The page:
Klee’s life is slowly coming undone, ripping at the seams. With his father’s death and his relationship with his mom on edge, not to mention the pressures of being a teenager, everything seems too much, leading to Klee’s temporary placement at an institution known as “the Ape Can.” Gae Polisner’s second novel brings to light the tragedy found in life, the beauty of art, and how the past convolutes the present.
In Sight of Stars begins with Klee, who recently lost his father and is struggling to function. Not only does he have a messy relationship with his mom, but he is haunted by the scattered memories he has of the mysterious Sarah, a girl from his past. Trying to move forward and adapting to his new environment, Klee comes in contact with a striking number of colorful characters who each have their own advice and insight into his recent tragedy. While the future is uncertain and frightening, the past is something that Klee cannot let go of, something that permeates his thoughts. Within the darkness, Klee struggles to find hope in the hopeless and to see his own part to play in the single event that lit a spark to ignite his downward fall towards deeper anxiety and depression. But more importantly, Klee soon discovers the healing touch of art and the mysteries that lie in plain sight, even in the people you think you know the best.
Gae Polisner’s latest release is nothing short of extraordinary. As I like to say, this book is the lovechild of Stephen Chbosky’s The Perks of Being a Wallflower and Ned Vizzini’s It’s Kind of a Funny Story. From start to finish, In Sight of Stars is compelling and real. Polisner pushes hard to keep her material authentic, even touching on aspects that seem messy or intense for teen audiences. While there are many YA books that tackle mental illness, I believe this to be one of the very best. As someone who understands the struggles of anxiety, Klee’s story touched me and brought me to tears on so many occasions. This book is challenging, gripping, and simply human. I love it for these very reasons.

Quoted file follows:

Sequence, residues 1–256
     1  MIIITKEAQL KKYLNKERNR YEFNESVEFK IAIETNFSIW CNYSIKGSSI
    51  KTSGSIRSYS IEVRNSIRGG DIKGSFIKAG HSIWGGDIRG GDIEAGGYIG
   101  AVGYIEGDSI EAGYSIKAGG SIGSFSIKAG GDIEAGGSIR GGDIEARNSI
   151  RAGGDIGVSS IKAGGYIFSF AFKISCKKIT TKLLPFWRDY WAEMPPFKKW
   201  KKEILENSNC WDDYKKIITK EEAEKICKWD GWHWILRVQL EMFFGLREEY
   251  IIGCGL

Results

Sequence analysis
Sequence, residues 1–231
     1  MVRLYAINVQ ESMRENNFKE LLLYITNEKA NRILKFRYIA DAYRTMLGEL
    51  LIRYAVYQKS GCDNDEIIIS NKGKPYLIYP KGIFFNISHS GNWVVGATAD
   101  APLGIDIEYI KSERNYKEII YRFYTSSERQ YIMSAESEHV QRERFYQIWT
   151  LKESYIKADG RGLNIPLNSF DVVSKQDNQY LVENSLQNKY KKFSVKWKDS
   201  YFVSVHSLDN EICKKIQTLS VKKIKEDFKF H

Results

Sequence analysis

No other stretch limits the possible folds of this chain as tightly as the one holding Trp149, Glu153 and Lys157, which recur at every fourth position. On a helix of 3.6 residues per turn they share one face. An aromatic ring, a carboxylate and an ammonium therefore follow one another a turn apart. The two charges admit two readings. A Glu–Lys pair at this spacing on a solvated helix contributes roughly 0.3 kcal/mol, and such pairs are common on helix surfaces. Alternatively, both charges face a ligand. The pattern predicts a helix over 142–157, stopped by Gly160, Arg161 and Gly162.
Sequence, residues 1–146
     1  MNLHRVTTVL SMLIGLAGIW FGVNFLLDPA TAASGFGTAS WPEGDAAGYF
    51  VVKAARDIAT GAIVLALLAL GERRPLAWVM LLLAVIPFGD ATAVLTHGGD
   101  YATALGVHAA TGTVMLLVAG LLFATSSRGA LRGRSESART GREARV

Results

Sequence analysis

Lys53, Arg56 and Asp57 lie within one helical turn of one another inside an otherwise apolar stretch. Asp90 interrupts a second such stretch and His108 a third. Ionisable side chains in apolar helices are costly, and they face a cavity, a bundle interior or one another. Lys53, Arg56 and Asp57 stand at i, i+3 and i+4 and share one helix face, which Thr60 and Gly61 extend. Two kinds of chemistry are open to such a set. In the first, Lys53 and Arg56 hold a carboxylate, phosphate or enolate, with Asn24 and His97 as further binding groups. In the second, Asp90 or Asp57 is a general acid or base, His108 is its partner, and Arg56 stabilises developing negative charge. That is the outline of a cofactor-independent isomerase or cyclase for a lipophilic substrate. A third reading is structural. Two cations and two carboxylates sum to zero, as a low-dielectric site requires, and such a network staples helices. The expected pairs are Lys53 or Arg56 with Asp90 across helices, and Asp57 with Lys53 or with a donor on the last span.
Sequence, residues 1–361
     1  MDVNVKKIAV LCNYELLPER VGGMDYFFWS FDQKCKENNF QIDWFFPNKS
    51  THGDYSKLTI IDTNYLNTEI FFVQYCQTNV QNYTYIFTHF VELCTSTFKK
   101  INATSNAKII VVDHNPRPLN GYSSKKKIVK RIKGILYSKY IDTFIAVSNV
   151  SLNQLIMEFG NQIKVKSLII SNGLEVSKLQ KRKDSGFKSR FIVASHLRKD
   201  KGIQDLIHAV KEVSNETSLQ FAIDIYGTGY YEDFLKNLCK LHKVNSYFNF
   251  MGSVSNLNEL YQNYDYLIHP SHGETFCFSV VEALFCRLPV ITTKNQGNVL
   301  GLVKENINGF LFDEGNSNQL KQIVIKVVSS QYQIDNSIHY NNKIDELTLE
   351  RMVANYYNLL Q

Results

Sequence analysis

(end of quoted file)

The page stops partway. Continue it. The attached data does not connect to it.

Not only does Polisner present a story that is important and hopeful for struggling teens, but her writing is challenging in the best way popular. Often times I feel as if YA fiction is dumbed down for teen audiences, but Polisner lets readers enter the minds of her characters; when Klee is confused, you are too. This writing technique is brilliant and gives teens a chance to learn and be challenged in a more unique way than I have ever experienced in the YA genre.
Klee is at his breaking point. The life he once knew is shattered at his feet, and there is no going back to glue all the pieces back together. In Sight of Stars is one of the most compelling and important books on the shelves today, giving teens an outlet to feel heard and understood. Gae Polisner delivers in every way and continues to tell important and moving stories about teens, the confusing and complicated aspects included. Pick up your copy of In Sight of Stars, and follow Klee as he begins on his road to recovery and confronts the past as well as the present.